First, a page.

Thursday, December 14, 2006

FILM Surviving the Labs

For the last four years I’ve gone to the Sundance Film Festival, and whenever there was a film that was too saccharine, too coming-of-age, or trying too hard to be both personal and commercial at the same time, I would wonder how it got into the fest. As the credits rolled (if I got that far), I would inevitably see the “Made in cooperation with the Sundance Labs” logo pass by.

I once talked with a guy who had a job projecting films at the Sundance Institute, and for a handful of years he would see each new batch of filmmakers come through the Labs, and would see how the development process would make every film seem like every other coming-of-age film. Everybody meant well and people loved participating in the process, but even the most interesting young filmmakers would end up writing and making that very same Sundance movie as everybody else. Crap. Or maybe the bad ones were the only ones that were able to raise money to go into production.

Things have begun to change. At least, that’s what it seems like. It’s as though they’ve given up on making the next The Brothers McMullan or anything commercial. In a sense, Miranda July’s Me and You and Everyone We Know was the first break-out success for the Labs. July, a successful and moderately commercial performance artist, created a vaguely edgy story that took a cheerful look at the budding sexuality of children. Hardly a commercial concept, but successful nonetheless.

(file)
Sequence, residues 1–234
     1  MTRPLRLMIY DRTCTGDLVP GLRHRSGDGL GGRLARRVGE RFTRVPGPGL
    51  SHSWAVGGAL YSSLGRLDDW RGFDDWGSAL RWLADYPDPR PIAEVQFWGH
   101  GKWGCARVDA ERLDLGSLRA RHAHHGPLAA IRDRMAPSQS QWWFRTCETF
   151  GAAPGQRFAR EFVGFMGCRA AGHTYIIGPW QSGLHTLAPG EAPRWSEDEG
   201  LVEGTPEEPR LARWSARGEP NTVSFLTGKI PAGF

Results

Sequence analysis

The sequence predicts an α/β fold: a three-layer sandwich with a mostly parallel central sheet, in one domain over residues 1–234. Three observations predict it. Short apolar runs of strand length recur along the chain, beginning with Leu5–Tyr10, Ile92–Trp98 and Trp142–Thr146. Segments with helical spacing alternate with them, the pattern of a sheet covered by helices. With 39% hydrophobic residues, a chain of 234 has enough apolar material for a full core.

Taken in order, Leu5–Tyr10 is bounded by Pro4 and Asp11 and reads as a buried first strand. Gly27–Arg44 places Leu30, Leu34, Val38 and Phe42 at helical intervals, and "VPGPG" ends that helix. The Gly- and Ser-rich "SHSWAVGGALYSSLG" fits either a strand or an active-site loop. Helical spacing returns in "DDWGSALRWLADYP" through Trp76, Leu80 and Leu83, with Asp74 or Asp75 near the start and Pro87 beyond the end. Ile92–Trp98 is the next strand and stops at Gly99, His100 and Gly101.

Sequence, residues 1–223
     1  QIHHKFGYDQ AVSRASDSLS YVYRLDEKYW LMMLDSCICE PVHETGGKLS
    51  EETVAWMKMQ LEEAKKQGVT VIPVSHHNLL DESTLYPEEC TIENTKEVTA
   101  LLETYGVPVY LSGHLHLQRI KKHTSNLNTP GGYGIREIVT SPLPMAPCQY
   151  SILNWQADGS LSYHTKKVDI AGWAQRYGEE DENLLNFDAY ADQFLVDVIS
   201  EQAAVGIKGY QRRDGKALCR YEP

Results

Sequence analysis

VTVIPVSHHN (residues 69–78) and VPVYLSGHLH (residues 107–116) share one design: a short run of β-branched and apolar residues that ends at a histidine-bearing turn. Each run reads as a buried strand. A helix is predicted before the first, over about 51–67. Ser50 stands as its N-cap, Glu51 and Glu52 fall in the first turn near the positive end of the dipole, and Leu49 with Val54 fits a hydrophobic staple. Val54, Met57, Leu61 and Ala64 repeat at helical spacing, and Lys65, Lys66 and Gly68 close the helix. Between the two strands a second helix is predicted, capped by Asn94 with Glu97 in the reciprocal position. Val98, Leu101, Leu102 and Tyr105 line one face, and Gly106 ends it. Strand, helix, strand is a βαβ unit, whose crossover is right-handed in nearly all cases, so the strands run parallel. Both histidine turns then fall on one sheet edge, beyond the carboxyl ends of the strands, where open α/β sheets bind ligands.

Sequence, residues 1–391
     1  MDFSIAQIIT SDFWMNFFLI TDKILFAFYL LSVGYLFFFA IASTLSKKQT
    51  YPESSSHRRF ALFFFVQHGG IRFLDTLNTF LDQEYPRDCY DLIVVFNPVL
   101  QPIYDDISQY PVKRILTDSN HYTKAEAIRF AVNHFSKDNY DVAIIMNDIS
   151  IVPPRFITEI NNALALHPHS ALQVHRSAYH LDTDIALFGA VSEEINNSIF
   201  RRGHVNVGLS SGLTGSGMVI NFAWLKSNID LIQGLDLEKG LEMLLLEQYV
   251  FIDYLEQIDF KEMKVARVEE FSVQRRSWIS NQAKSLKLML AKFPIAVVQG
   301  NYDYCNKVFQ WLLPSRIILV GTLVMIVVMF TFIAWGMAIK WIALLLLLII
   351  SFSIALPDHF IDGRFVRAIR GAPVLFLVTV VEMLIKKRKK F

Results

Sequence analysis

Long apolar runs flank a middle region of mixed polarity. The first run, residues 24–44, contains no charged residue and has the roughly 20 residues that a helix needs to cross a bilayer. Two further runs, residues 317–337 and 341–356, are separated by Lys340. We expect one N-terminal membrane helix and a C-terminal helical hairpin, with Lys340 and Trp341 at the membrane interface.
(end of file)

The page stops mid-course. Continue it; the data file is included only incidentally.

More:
Does that indicate a signal change in the focus of the Labs? Hard to say, but I do hold out hope for one of the new batch of folks invited to the labs. I met Braden King in Chicago before he self-distributed his evocative, black-and-white documentary film Dutch Harbor: Where the Sea Breaks its Back, which he toured with a live score by the Boxhead Ensemble. I saw it when it played at the Little Theatre several years ago, and was duly impressed with its moody and assured filmmaking.

King was just chosen to work on Here for the Labs, which is described as such: “Real and imaginary landscapes merge as a solitary satellite mapping engineer charts the Armenian countryside with an expatriate art photographer revisiting her homeland.” That sounds both interesting and uncommercial. I can’t wait to see it...

No comments: